Image credit: Henry H. Holdsworth,

Image credit: Henry H. Holdsworth,

1. Grandpa what big horns you have

I’ll never forget the first time I came across a giant moose – I was maybe 10 or 11, canoeing with my dad in the shallows of Moosewood Lake in Maine (does the name give it away?). We were paddling through the lilies around a blind bend in maybe waste deep water at most, and out of nowhere I was face to face with the biggest, scariest creature I had ever seen. In fact I’m pretty sure that his antlers alone were bigger than our canoe! Fortunately I was frozen beyond panic as dad slowly paddled us backwards while the moose simply stared back at me curiosity with its long, funny face (funny in hindsight around the campfire that night).

The largest of the deer family, the chocolate brown moose is indeed impressive to witness, particularly with their huge antlers, which can reach 6 feet (1.8 meters) from end to end, and standing at a height of 5 to 6.5 feet tall – at their shoulders! And they can be aggressive if you get too close, while being able to run up to 35 miles an hour, so don’t’ try to out run one. However, they don’t have the best sight so if you ever do find yourself in a bit of a mad moose predicament, you’re better off ducking behind trees, though we recommend that you generally avoid getting too close in general if you are lucky enough to be in its presence.

Some of the best places to spot a majestic moose are in Alaska, Maine and on wildlife tours to the Grand Tetons / Yellowstone national parks.

Image credit: Lin Adler, Natural Habitat Adventures

Image credit: Lin Adler, Natural Habitat Adventures

2. Sea Canary

The Arctic is dark, still and frozen throughout most of the year, but during a short burst of summer the land – and the sea – explodes with color and life. And it is during this time when the Beluga Whale, also known as the white whale (Beluga means “white one” in Russian), returns to its summer feeding grounds. Interestingly, the beluga is also known as the sea canary due to its songlike chatter, which can actually be heard above the water’s surface. It is also sometimes referred to as the squid sea hound because of its diet.

See this amazing sea creature in the thousands, along with other incredible arctic and subarctic wildlife on the edge of Hudson Bay in Churchill, Manitoba, Canada.

Image credit: Ben Forbes, Natural Habitat Adventures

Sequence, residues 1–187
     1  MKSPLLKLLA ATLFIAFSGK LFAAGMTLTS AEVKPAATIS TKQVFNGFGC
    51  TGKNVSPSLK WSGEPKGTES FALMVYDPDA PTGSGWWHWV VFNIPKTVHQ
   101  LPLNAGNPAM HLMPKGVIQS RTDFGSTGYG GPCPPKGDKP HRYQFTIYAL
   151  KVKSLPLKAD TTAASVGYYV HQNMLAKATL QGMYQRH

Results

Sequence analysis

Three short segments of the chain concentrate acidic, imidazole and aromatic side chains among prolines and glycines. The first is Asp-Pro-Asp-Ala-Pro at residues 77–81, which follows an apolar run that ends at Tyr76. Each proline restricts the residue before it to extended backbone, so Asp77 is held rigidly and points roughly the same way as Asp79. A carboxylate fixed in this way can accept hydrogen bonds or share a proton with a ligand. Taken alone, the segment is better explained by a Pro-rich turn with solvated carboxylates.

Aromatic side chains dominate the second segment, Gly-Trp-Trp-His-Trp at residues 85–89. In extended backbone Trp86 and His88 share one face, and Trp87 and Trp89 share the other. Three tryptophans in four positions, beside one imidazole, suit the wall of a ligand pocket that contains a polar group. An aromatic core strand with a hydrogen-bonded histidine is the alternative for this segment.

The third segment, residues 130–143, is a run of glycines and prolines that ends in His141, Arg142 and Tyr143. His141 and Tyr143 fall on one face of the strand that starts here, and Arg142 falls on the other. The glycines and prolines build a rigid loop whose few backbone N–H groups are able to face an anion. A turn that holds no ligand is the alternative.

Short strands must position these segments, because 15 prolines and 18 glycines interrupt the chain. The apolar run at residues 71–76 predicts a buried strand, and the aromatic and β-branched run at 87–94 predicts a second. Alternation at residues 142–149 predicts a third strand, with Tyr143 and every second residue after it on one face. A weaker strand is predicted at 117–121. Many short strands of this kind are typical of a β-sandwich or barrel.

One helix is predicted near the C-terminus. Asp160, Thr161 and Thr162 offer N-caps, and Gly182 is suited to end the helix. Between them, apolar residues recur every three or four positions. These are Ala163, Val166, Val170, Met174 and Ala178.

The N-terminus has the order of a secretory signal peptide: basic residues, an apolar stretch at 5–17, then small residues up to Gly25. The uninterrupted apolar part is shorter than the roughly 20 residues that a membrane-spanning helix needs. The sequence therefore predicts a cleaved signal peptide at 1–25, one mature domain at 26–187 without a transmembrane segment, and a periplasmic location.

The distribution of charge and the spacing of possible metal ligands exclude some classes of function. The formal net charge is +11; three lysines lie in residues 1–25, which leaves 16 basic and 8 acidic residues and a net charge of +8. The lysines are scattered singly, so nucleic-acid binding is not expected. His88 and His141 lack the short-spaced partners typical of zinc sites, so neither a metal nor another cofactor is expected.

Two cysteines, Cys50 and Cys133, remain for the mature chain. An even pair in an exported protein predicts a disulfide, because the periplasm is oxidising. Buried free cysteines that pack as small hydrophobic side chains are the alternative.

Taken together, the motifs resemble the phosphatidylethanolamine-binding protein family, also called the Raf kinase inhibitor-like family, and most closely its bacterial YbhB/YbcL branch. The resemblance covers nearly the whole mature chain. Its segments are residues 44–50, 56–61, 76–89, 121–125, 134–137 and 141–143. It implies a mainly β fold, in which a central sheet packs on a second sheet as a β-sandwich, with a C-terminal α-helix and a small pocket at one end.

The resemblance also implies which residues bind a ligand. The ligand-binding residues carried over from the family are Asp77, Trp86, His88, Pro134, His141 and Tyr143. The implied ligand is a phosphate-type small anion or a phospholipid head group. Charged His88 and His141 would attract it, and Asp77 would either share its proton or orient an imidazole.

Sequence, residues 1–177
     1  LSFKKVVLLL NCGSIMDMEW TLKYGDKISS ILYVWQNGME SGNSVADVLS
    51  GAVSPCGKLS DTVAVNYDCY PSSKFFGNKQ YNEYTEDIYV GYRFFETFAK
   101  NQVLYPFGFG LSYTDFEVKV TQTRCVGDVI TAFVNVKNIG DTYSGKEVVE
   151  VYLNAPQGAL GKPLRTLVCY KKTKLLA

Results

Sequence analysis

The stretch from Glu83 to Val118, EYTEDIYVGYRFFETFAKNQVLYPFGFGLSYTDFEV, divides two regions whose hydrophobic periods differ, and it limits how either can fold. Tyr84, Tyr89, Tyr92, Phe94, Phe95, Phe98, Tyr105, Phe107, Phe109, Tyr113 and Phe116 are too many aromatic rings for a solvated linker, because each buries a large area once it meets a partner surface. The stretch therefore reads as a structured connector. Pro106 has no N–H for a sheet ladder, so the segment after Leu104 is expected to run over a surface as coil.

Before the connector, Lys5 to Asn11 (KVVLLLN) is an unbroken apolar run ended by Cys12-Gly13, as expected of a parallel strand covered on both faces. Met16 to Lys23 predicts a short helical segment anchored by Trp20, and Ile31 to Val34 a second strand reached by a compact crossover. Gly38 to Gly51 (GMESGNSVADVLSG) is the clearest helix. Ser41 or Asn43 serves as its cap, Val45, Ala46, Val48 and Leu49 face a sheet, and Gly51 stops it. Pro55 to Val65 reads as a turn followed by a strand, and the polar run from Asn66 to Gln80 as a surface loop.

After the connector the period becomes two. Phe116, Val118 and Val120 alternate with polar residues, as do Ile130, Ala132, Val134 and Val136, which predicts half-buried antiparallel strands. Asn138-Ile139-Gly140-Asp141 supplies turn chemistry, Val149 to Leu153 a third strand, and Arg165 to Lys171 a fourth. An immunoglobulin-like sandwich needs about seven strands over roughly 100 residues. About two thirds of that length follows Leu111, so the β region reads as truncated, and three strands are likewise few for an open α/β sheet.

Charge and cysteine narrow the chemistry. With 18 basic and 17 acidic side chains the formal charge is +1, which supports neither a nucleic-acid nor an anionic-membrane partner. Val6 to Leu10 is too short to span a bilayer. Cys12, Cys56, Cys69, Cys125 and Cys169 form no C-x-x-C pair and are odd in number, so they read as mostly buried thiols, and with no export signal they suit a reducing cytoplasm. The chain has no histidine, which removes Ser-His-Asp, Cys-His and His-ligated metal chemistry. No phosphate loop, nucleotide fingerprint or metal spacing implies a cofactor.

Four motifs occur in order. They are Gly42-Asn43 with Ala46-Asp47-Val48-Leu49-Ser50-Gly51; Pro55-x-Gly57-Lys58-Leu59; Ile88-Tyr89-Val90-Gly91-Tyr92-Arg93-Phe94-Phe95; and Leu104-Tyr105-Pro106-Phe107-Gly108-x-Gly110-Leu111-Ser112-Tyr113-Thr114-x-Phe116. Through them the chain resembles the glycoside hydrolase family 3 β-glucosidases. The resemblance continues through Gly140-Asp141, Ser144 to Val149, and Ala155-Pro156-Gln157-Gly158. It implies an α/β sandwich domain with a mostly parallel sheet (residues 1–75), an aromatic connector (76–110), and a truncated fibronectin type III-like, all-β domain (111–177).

Image credit: Ben Forbes, Natural Habitat Adventures

3. Don’t call me a Buff!

Did you know the name “buffalo” is most likely a misnomer, the result of when early European settlers in North America confused the bison with its African Buffalo or Asian Water Buffalo cousins?

The great North American bison is the symbol of the historic Wild West and the final frontier. Once ranging across the Great Plains in herds that numbered in the millions, it was also the staple of the Native American plains Indians. The bison, originally estimated at 20 to 30 million animals was brought to the brink of extinction during the western expansion due to hunting and habitat loss, to the point where there were just over 1000 individuals left in 1889. Due to conservation efforts there are now up to a half million mixed cattle-bison and pure wild bison alive today.

The best place to see these amazing creatures in their natural habitat is in Yellowstone National Park and surrounding areas.

Image credit: Natural Habitat Adventures

Image credit: Natural Habitat Adventures

4. Why bald?

There is a reason the Bald Eagle is our national bird: it is a symbol of beauty, independence and freedom that is an inspirational sight to behold in person. Although bald eagles range across much of North America, from Alaska and Canada to northern Mexico, about half of the world’s 70,000 bald eagles are found in Alaska and most of the rest in British Columbia. With expansive relatively intact forests and healthy rivers that support populations of spawning salmon, the Northwest is the bald eagles main stay.

Interestingly, the word ‘bald’ use to mean white, not hairless. I guess that means that technically I’m mostly bald now with a head of nearly white hair, so that’s something in common!

"The Pack" by Karen Crewe. Photo from Wildlife Photo of the Day.

“The Pack” by Karen Crewe. Photo from Wildlife Photo of the Day.

5. Woof woof.

Ok maybe not – the North American Grey Wolf has much more of a spine-tingling howl (and growl), but in reality it is a highly socialized, family loving pack animal. Once widespread throughout North America, Europe and beyond, the grey wolf now exists only in parts of North America, the USSR and Eastern Europe, where it continues to retain its legendary and mythological status among the animal kingdom.

The best places to see the amazing grey wolf in its natural habitat are in Yellowstone and Alaska. To learn more incredible wolf facts read this short article.